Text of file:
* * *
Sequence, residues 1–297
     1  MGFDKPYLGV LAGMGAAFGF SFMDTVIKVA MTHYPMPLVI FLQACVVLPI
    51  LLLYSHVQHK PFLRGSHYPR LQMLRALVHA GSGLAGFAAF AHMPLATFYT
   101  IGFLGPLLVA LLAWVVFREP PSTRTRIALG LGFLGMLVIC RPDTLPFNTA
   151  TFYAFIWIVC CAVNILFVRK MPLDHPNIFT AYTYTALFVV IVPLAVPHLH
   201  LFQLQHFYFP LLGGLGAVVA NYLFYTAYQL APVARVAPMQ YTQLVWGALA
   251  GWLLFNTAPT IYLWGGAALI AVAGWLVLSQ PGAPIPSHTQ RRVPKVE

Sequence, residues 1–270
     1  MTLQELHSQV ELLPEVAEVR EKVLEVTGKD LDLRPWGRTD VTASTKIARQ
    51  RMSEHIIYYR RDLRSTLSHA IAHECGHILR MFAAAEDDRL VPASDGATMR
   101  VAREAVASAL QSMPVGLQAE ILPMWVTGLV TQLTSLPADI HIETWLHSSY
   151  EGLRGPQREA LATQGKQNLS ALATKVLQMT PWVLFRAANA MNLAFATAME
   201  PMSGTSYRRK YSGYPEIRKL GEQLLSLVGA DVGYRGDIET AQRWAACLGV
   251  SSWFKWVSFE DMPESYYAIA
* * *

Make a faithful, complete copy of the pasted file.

Sequence, residues 1–297
     1  MGFDKPYLGV LAGMGAAFGF SFMDTVIKVA MTHYPMPLVI FLQACVVLPI
    51  LLLYSHVQHK PFLRGSHYPR LQMLRALVHA GSGLAGFAAF AHMPLATFYT
   101  IGFLGPLLVA LLAWVVFREP PSTRTRIALG LGFLGMLVIC RPDTLPFNTA
   151  TFYAFIWIVC CAVNILFVRK MPLDHPNIFT AYTYTALFVV IVPLAVPHLH
   201  LFQLQHFYFP LLGGLGAVVA NYLFYTAYQL APVARVAPMQ YTQLVWGALA
   251  GWLLFNTAPT IYLWGGAALI AVAGWLVLSQ PGAPIPSHTQ RRVPKVE

Sequence, residues 1–270
     1  MTLQELHSQV ELLPEVAEVR EKVLEVTGKD LDLRPWGRTD VTASTKIARQ
    51  RMSEHIIYYR RDLRSTLSHA IAHECGHILR MFAAAEDDRL VPASDGATMR
   101  VAREAVASAL QSMPVGLQAE ILPMWVTGLV TQLTSLPADI HIETWLHSSY
   151  EGLRGPQREA LATQGKQNLS ALATKVLQMT PWVLFRAANA MNLAFATAME
   201  PMSGTSYRRK YSGYPEIRKL GEQLLSLVGA DVGYRGDIET AQRWAACLGV
   251  SSWFKWVSFE DMPESYYAIA